At Gillespie over the last five years we have developed, implemented and worked hard to embed a coherent and consistent vision for teaching and learning.
This has been influenced in part by the research of a number of educational experts, namely, Dylan William, Paul Black, Carol Dweck and Shirley Clarke. The research highlights the importance of pupils being active participants in the learning process. A culture of active learning sees teachers and children as partners.
Active learning has maximum impact within a school culture that promotes a ‘growth mindset’, where intelligence is viewed as something that can be increased through hard work and effort. A ‘growth mindset’ encourages a ‘can do’ approach to learning where ability is not seen as fixed. Instead children are motivated to have a go, take risks and are not afraid to make mistakes but rather they are willing to embrace new challenges. Children are supported in being resilient, persistent and confident learners.
At Gillespie we engage children as active partners in their own learning through a range of learning and assessment strategies which foster deeper learning and enable children to make rapid and excellent progress. This is achieved by involving children dynamically at all stages in the learning process.
How do we achieve a strong learning culture?
‘All learners need self-belief and the ability to reflect on how they learn for that learning to be successful’, Shirley Clarke 2011
Within the school we aim for all staff to use the language of a growth mindset which focuses on improvement and achievement rather than on a fixed notion of ability. Children are praised for demonstrating positive learning dispositions e.g. being curious, using their imagination, persevering, being cooperative, achieving/ understanding more, rather than closed statements about ability, e.g. you are clever. We have found that using this language motivates children to try harder and to have a more positive approach to their own learning. We use a range of methods to support and develop a strong learning culture;
At the beginning of each term the children are involved in discussing and planning aspects of the terms work. This gives them ownership; motivating and engaging them right from the start. It also provides the teacher with valuable assessment information in finding out what children already know and can do in order to plan the terms new learning.
In every lesson children are given:
Clear and specific learning objectives and success criteria which makes explicit the purpose of the lesson and what steps are necessary to acquire the relevant skills, knowledge and understanding. Success criteria are either given to the children or elicited from them as the lesson develops. Children become more sophisticated learners when they are able to explain precisely what they need to do in order to be successful.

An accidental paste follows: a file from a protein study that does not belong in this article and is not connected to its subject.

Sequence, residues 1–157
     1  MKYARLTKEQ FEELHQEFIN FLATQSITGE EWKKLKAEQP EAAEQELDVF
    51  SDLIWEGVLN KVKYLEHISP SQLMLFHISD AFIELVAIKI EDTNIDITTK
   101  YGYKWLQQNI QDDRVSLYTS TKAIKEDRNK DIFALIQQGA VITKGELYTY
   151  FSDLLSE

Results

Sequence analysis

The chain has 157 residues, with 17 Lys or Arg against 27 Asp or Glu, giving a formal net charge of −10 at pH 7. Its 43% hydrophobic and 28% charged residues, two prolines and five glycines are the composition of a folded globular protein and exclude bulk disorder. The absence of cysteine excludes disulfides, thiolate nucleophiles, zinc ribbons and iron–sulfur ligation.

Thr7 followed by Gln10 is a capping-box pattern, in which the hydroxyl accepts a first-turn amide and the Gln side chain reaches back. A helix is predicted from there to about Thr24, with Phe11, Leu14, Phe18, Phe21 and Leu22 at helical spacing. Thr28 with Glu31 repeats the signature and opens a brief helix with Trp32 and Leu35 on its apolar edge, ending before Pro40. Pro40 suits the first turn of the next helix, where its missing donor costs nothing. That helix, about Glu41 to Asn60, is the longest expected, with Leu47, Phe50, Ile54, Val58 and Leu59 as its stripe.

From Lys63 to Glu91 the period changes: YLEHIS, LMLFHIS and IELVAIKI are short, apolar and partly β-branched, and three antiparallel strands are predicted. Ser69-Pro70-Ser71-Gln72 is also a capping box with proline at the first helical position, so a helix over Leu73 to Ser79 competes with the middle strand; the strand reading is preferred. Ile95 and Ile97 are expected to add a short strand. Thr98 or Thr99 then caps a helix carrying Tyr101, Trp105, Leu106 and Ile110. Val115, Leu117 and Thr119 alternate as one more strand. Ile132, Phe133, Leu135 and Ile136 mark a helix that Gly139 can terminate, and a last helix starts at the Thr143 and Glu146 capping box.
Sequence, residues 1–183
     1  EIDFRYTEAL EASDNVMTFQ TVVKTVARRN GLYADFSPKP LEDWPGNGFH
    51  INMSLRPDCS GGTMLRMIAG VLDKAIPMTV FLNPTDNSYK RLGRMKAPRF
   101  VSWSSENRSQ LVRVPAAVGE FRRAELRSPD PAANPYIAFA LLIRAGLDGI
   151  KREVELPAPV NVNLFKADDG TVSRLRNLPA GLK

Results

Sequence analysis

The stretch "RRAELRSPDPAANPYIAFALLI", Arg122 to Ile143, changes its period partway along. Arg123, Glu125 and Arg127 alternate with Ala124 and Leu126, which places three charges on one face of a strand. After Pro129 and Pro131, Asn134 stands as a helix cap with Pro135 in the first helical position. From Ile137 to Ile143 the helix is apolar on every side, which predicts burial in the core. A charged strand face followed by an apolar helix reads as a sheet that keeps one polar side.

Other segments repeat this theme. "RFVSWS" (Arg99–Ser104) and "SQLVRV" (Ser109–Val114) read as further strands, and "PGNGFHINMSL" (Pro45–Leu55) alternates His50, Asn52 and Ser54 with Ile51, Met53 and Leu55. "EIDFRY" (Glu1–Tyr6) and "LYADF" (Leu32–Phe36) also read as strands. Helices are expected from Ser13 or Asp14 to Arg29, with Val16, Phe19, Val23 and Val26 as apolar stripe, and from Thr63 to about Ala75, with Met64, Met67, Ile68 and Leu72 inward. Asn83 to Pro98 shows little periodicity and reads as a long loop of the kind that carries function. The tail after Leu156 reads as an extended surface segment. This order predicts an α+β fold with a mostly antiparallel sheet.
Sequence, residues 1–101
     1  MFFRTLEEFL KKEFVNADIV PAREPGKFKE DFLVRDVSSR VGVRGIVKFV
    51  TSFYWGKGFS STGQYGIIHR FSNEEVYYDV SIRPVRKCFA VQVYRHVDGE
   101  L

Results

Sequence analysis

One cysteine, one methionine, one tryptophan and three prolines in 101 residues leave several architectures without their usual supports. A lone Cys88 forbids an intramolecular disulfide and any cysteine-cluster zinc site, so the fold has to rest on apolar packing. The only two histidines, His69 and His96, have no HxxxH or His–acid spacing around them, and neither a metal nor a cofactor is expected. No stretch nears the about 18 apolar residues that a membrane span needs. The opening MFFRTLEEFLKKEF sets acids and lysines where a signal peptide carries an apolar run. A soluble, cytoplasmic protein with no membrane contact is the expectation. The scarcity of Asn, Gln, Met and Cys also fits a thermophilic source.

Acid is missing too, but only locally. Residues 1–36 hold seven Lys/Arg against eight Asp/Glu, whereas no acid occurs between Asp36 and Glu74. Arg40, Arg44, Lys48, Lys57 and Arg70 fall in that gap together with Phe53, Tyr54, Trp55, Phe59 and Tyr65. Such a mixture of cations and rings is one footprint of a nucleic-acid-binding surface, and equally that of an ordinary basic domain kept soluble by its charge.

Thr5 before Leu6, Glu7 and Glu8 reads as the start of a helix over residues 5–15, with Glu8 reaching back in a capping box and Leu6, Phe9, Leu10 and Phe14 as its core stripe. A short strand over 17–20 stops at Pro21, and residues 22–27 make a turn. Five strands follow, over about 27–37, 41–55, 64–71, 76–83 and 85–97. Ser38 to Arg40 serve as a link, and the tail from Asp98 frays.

Opportunities to respond to effective questioning from the teacher which can extend or deepen thinking or rectify misconceptions.
Effective feedback and support at key points which facilitates them moving forward and making improvements in knowledge, understanding and skills.
Time to reflect on their own learning and that of others through self and/or peer assessment. This can be oral feedback or written feedback in books. Children may be given time to respond to teacher’s marking at the start of the lesson to inform what they have to do to take the next steps in their learning. This can include children editing and improving their work.
Regular opportunities to reflect and discuss aspects of their learning with their weekly talk partner. This promotes oracy, develops social skills, engages all children and provides thinking time to allow quality responses.
‘Children need thinking time after a question is asked add discussion time and you double the impact’, Shirley Clarke
The Learning Journey
In class, children are given regular opportunities to review their ‘Learning journey’. This valuable time gets children reflecting upon and discussing aspects of class work with the teacher. This also provides time for children to share new ideas. Reflecting on prior learning helps inform teachers’ planning for the next period and sustains children’s ownership of learning throughout the term.